Kara Swisher

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Take That, Twitter! Facebook's Cox and FriendFeed's Taylor Talk About the Deal (But Not BoomTown's $50 Million Guess on the Price)

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After Facebook announced today that it had acquired online content-sharing site FriendFeed, BoomTown had a short chit-chat with Facebook’s Director of Product, Chris Cox, and FriendFeed co-founder Bret Taylor.

Although neither budged on telling me about the purchase price, which various Silicon Valley venture capitalists I spoke to estimated to be about $50 million in cash and stock, they both talked about how copacetic the two companies were.

Benchmark Capital and angel investors had put about $5 million into the start-up, which–while innovative–has failed to garner the red-hot growth of either Twitter or Facebook since it was founded in 2007.

(I mean, even if No. 1 FriendFeed Fanboy Robert Scoble said that too, it must be so!)

Cox and Taylor said the companies came together after several months of casual conversations, probably sometime after Twitter spurned Facebook’s $500 million stock-and-cash offer last year.

But, as in failed love affairs, moving on is the next best thing to do!

“At its core, we have the same vision for these types of products around real-time sharing and discovery,” said Taylor. “The ideas we have and view from Facebook were converging, so this made sense.”

He also noted that Facebook’s huge user base of upward of 250 million people–especially compared to FriendFeed’s one million monthly unique visitors–”was an offer we could not pass up.”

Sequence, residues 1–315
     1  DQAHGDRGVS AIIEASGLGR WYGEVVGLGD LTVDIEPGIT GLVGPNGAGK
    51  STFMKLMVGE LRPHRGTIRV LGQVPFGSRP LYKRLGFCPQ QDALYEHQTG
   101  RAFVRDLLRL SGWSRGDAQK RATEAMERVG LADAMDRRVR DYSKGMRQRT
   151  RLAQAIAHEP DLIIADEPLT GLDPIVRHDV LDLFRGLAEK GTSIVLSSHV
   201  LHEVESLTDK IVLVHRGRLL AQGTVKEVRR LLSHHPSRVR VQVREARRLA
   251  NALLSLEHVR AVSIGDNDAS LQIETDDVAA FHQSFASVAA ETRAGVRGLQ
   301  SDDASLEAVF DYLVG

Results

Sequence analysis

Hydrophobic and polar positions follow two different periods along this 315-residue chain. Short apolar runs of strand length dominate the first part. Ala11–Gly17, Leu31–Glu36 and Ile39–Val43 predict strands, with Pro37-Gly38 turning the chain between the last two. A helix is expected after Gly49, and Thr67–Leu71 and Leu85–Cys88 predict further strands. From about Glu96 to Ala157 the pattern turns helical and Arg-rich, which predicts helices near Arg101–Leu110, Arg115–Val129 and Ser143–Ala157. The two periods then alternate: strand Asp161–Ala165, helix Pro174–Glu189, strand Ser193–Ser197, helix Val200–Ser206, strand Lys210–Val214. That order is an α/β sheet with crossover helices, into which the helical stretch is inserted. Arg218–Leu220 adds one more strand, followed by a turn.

While in a previous interview with me Taylor and one of his other co-founders, Paul Buchheit, said they wanted to remain independent, the former Googler said “this was right thing for our company.”

And how, since Facebook was working on a lot of the content- and update-sharing features that FriendFeed had been pioneering so well, and Twitter had pulled so far ahead in the horse race.

Taylor agreed, referring to Facebook. “When such a large successful company is working on solving that problem too, we realized we could work more effectively in their organization,” he said.

Facebook’s Cox agreed that one-plus-one equaled Twitter-killer. (Well, he did not say that–I did!)

“We have watched [FriendFeed's] products from the beginning and the people themselves are just amazing,” he said, making the purchase sound a lot more like a talent acquisition than anything else.

Cox noted that time was a-wasting too in the real-time and sharing arena.

“I think all this stuff is evolving very quickly and and at the speed of light and there are not many that understand it at a deep level,” said Cox. “We just feel it’s important to have those people in the room and in the building, and not just on Facebook.com, but everywhere in the world.”

While it is unclear what kinds of products would evolve, both said a “culture match” would facilitate good things.

Not that it will be easy, said Cox: “Facebook operates at such a scale that we approach this with a high degree of humility.”

Neither would comment about my question of which side would have to now reign in FriendFeed fanatic Scoble, who loves the service the way a tween girl loves Robert Pattinson of “Twilight.”

Here is my video interview with Taylor and Buchheit last December, as well as a tour of FriendFeed’s Mountain View, Calif., HQ:


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There was a worry before I started this that I was going to burn every bridge I had. But I realize now that there are some bridges that are worth burning.

— Valleywag editor Sam Biddle